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Hip Replacement Recovery

Hip replacement surgery or total hip replacement and known in the medical field as arthroplasty, has proven to be a highly successful cure to problems affecting mobility due to hip deformation or acute pain caused by various conditions. Hip deformation can be because of trauma to the hip caused by a serious accident or by a deformity from birth. One common reason for hip replacement is a condition called osteoarthritis or degenerative arthritis. Osteoarthritis is a very common type of arthritis that affects the joints by causing stiffness and joint pain. The cartilage that lines the joints and allows smooth movement becomes damaged and creates the need for a hip replacement. Hip joint replacement has been an effective remedy for serious cases of arthritis and hip replacement recovery is normally successful.

What is a Hip Replacement?

Hip replacement surgery replaces the ball and socket joints of the hip in order to restore correct joint movement and/or remove the pain caused by arthritis and other conditions of the joints. The materials used in replacement hips are metal and a robust plastic. The actual parts that make up a replacement hip are known as “implants” or “prosthesis”. There are different types of hip replacement that can be performed and which type used will be dependent upon each patient’s needs as identified by a hip replacement surgeon.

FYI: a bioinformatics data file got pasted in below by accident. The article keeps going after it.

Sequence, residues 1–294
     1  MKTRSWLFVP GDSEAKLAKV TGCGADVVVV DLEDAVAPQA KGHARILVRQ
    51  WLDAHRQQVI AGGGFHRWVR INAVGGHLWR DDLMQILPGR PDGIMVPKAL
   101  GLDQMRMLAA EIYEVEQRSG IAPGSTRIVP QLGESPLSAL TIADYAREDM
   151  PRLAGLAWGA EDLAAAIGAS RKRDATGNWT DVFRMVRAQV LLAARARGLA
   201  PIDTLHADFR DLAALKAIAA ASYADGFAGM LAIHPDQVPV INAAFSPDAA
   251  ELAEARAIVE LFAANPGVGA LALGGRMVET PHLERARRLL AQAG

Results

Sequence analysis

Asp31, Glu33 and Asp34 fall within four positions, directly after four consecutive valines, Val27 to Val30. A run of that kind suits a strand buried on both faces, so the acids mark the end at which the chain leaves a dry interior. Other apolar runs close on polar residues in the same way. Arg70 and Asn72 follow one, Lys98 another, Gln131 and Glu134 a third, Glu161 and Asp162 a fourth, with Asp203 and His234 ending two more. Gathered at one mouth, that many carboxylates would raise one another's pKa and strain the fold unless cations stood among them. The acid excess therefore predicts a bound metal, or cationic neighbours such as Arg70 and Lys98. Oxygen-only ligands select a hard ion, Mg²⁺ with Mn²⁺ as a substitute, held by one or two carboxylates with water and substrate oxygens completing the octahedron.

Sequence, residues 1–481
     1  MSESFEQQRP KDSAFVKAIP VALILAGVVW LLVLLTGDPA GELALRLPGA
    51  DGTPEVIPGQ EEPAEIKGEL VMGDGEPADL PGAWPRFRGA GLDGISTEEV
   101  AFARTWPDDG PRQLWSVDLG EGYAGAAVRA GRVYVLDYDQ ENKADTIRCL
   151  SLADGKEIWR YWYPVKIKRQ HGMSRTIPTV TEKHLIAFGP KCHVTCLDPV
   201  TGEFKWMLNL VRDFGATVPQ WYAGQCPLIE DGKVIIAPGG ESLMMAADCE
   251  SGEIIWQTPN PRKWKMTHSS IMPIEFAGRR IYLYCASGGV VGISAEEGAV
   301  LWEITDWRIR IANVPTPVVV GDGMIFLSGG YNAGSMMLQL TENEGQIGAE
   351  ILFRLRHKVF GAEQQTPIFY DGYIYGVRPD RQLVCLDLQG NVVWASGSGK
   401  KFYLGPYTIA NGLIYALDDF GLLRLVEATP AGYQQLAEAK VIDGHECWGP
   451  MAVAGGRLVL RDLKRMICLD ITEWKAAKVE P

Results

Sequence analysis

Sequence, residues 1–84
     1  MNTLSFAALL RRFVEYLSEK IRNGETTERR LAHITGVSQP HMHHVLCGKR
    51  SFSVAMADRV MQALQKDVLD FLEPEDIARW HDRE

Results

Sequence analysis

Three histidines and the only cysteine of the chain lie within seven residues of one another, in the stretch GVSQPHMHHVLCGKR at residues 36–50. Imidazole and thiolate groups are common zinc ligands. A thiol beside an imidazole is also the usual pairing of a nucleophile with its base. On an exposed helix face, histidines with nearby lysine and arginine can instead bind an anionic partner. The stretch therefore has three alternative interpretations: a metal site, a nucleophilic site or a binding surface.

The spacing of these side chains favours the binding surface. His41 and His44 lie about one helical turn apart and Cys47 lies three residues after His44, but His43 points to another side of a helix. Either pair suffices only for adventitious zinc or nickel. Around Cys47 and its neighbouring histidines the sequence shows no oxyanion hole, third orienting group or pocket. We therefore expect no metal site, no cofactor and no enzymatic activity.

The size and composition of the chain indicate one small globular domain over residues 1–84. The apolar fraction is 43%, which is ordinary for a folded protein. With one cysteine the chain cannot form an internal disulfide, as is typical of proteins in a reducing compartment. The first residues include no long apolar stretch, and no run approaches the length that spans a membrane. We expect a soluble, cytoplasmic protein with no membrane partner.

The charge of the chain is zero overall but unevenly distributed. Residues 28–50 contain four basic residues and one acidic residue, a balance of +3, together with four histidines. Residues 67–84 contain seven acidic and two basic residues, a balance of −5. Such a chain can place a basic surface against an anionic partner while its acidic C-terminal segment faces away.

What are Common Hip Replacement Types?

Metal and plastic implants – are the most common. The ball and joint prosthesis are made from metal, but a plastic spacer between them is used and made from a type of plastic known as polyethylene.
Metal on metal implants – are less common but more durable than metal and plastic implants. Both ball and socket are metal but there is no plastic spacer used between them and they wear ten times less than the metal and plastic implants.

Hip Replacement Fixation

The hip replacement parts or implants are secured to the bone with or without cement. Using cement involves pouring the cement compound into the bone cavity to be used and then inserting the implant using screws if necessary. The procedure without cement uses an implant with a porous surface. The implant is made to slightly larger than the cavity so it can be fitted snugly. The pores in the implant surface will encourage the bone to grow into it over time during the hip replacement recovery period and beyond.

Hip Replacement Recovery Period

During the hip replacement recovery period the patient will undergo constant assessment and will be actively encouraged to part take in physiotherapy. Hip replacement exercise is crucial to the successful hip replacement recovery period and advice on the postures to avoid so that dislocation does not occur, will be given.

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